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South Sudan, 14 October 2014: Launch of mass nutrition screening

Give South Sudan's children a healthy start!

14 October 2014, JUBA – The South Sudan National and State Ministry of Health, Sanitation and Environment, UNICEF and WFP today kicked off a new outreach and a mass-screening campaign to address the nutrition crisis, which UNICEF says is threatening the lives of hundreds of thousands of children.

The first phase of the campaign will see 254 trained social mobilizers from the Government of South Sudan’s Social Mobilization Network go door to door in Juba County. They will assess, screen and refer children for malnutrition, and also instruct mothers and caregivers in the healthiest nutrition, hygiene and sanitation practices for their young ones.

“Social mobilization has been essential in numerous health interventions such as polio eradication and cholera response,” said Dr. Emmanuel Ija Bay, Minister of Health, Sanitation and Environment, Central Equatoria State. “We are proud to deploy them to take on the issue of malnutrition, which traps children into a lifelong cycle of poor nutrition, illness, poverty and inequity.”

The campaign is slated to expand in the coming weeks, with more than 600 social mobilizers reaching over 600,000 children in the high-burden, non-conflict affected states of Warrap and Northern Bahr-Ghazal, in addition to Juba.

“It is very important to find children who are sick and get them into care,” said Vilma Tyler, chief of nutrition for UNICEF South Sudan. “But helping mothers understand good feeding, hygiene and sanitation practices is essential to help families stay healthy over the long term.” Through the mass screening campaign in Juba County, over 116,000 children aged 6 months to 5 years will be screened and it is estimated that 6,500 children will be treated for Severe Acute Malnutrition in UNICEF-supported Oral Therapeutic Feeding Programmes (OTFP).

The World Food Programme will be treating an estimated 16,700 children identified as suffering from Moderate Acute Malnutrition (MAM) in Juba County and admitting them to Targeted Supplementary Feeding Programmes.

“Juba City is a metropolitan city where we find different nationalities and people from all the ten states of South Sudan,” said Christopher Safarino Wani, Mayor of Juba City. “During this mass screening campaign, I urge you all to make sure you reach out to all these people even in hard to reach locations.”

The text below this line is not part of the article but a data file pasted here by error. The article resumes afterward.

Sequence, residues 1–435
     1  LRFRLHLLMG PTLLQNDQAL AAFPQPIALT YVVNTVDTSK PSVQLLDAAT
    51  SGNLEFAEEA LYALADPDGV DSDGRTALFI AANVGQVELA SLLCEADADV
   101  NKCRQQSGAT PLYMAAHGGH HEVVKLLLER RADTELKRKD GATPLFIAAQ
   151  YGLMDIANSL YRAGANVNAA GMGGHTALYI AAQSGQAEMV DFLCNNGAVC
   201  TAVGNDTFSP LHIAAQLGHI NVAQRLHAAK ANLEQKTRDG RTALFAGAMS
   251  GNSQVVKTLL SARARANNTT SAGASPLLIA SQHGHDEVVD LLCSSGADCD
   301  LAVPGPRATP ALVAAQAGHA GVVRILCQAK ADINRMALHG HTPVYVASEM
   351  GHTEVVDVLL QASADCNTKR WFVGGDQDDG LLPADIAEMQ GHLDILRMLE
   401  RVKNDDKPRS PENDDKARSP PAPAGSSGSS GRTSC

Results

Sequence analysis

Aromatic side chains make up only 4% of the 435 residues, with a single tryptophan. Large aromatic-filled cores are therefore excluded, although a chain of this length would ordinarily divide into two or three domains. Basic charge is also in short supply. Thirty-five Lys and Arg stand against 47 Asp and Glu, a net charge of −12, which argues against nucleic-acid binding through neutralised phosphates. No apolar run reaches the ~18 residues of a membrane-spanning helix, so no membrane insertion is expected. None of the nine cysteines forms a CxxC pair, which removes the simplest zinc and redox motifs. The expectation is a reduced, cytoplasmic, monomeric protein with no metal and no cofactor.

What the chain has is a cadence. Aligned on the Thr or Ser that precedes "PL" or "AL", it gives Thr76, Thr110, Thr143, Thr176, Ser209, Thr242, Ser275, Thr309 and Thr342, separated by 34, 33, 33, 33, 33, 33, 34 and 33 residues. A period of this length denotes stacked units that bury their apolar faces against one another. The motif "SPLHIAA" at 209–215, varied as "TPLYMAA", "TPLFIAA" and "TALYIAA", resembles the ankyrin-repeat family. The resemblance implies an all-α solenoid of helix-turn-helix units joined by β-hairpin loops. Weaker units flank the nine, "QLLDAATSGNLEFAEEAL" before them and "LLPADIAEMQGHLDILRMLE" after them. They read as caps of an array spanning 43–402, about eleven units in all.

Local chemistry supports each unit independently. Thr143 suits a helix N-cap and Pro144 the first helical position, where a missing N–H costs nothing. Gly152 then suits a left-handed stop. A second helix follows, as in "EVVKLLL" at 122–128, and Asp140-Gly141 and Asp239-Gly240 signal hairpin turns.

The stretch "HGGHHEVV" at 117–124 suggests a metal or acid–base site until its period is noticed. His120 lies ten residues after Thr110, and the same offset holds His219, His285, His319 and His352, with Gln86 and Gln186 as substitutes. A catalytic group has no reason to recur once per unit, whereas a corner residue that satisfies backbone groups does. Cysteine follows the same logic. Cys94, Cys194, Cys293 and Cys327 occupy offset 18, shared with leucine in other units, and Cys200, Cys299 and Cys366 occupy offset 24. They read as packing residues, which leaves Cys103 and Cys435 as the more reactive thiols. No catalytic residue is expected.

In addition to the community mobilization, UNICEF will work with the County Health Departments to train staff in the Primary Healthcare Centres and Units in the management of all referral patients. This capacity building will provide the foundations of South Sudan’s long term and sustainable investment in health and nutrition care for the community.

Nationwide, estimates predict that 235,000 children will suffer from Severe Acute Malnutrition by the end of the year. In response, UNICEF, WFP and the government have put into place multiple strategies, in addition to the community-based approach.

These include engaging more local partners and improving their capacity to treat malnutrition, prepositioning supplies and strengthening the supply pipeline and improving data collection and coordination to ensure that even the most difficult to reach people are served. Rapid Response Missions also play a critical role in delivering to the most vulnerable people. WFP and UNICEF, through airdrops and airlifts, deliver lifesaving nutrition supplies, health and sanitation services to people living in the most neglected areas. These joint missions have reached nearly 560,000 people and screened over 70,000 children under the age of five for malnutrition. More than 2,600 children under the age of five have been given treatment for Severe Acute Malnutrition, and mothers and caregivers given important information on healthy feeding for infants and children.

UNICEF is prepositioning nutrition supplies to reach 100,000 more children during the dry season, when it expected that the nutrition crisis will deepen again.

The nutrition scale up has received financing from several donors, including the European Commission - Humanitarian Aid and Civil Protection department (ECHO), and the Government of Denmark.

For further information, please contact:

Mary Denis, Director Health Promotion, Ministry of Health,, +211954627139

Kate Donovan, UNICEF South Sudan,, +211 959 1111 00



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